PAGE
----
Music Reviews
Chris Smither

Chris Smither

Leave the Light On

Mighty Albert/Signature Sounds

Chris Smither is someone a friend of mine has been trying to get me into for a long time and now I see why. On Leave the Light On, Smither showcases the lived-in voice and stellar acoustic blues guitar picking that have won him acclaim from folks like my friend for more than 40 years.

The disc gets off to a terrific start with the wry shuffle “Open Up” and the fantastic title tune, a song about growing old, the passage of time and its occasional fluidity. He revisits that theme later on in the touching, almost Tom Waits-like “Father’s Day,” in which he hopes to find the words to communicate with his dad before he’s gone. “Small time left to make that small talk right/ It takes so long to say more than goodnight/ Those last lines are the toughest; last one out will please shut out the light,” Smither sings.

Smither’s gruff, mumbly vocals recall folks like Mark Knopfler, J.J. Cale, and Bruce Springsteen in his more acoustic moments. His easy humor should appeal to John Prine fans as well. He’s backed on the album by some talented people including the always amazing multi-instrumentalist Tim O’Brien. Gospel revivalists Ollabelle also provide vocals on a couple of tracks.

Smither also pays tribute to some influences and contemporaries on Leave the Light On, not always to good effect. Though his acoustic guitar picking is flawless, he sounds nearly comatose on a cover of Peter Case’s “Cold Trail Blues.” His take on Dylan’s “Visions of Johanna” is curiously leaden as well, given an odd time signature and drained of much of its familiar melody. The Lightin’ Hopkins number “Blues in the Bottle” fairs a bit better with Smither’s 12-string dueling with David Goodrich’s resonator guitar and with Smither singing in a Leon Redbone-style drawl.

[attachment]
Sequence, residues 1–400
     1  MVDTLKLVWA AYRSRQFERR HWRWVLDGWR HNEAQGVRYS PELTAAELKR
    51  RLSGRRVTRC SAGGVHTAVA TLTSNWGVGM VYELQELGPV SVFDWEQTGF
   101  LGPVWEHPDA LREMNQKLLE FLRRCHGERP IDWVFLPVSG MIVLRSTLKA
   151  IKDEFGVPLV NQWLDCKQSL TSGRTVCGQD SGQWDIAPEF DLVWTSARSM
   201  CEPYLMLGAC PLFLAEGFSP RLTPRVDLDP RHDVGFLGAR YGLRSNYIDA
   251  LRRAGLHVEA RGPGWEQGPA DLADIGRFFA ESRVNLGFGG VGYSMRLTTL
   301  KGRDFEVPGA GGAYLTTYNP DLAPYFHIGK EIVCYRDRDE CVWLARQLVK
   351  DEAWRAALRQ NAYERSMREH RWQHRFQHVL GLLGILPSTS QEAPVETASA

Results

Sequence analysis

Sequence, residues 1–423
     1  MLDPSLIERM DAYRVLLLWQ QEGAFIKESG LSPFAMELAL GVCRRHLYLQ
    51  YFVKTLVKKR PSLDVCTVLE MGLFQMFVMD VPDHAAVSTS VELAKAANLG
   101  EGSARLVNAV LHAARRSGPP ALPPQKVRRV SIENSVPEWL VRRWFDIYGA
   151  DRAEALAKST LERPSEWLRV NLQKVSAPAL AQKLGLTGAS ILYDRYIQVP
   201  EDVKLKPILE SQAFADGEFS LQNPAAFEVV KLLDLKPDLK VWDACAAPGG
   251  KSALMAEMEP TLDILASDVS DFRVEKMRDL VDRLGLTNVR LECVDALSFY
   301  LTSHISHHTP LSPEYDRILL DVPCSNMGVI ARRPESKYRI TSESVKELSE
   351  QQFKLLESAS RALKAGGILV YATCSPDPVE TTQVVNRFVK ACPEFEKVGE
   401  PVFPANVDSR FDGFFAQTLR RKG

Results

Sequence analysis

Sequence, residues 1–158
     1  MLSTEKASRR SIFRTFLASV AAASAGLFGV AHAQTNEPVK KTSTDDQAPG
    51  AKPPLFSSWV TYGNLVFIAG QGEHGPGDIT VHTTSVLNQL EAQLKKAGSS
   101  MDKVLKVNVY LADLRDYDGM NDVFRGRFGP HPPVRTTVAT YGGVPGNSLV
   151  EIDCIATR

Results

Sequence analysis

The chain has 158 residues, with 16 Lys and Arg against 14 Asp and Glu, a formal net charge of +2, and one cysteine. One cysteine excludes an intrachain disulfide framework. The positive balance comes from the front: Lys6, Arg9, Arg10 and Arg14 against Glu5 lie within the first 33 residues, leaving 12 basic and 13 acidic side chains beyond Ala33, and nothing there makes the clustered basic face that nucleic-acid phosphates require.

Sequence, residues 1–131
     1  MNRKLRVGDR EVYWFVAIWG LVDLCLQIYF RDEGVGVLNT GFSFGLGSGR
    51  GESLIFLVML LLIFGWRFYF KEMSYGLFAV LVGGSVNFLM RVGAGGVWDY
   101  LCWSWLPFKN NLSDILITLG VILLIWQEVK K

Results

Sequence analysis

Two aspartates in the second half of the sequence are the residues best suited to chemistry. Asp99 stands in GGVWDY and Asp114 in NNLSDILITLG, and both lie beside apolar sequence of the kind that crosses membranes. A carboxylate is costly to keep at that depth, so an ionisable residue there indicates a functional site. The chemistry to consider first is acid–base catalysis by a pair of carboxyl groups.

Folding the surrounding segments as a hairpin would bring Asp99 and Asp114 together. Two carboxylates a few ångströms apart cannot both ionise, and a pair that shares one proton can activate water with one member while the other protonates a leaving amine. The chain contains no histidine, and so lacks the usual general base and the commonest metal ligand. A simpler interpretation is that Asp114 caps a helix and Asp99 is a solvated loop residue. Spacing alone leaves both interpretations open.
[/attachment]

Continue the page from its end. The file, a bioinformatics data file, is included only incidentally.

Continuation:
But the best songs here are Smither originals. “Origin of Species” is a very funny attempt to explain intelligent design and reconcile the Bible with evolution. Smither’s guitar picking is masterful and O’Brien’s mandolin shines. Smither also turns in a surprisingly rocking protest song called “Diplomacy.” “We got the land of the free, blind and leadin’ the lame,” he sings.

So to my friend, sorry I didn’t take your word for it and check out Chris Smither sooner. And to Chris Smither, here’s hoping you can stick around for a few more decades. Because if it’s taken me this long to discover you, there have got to be plenty of other folks out there ignoring their friends too. And this is a talent that should not be ignored.

Chris Smither:

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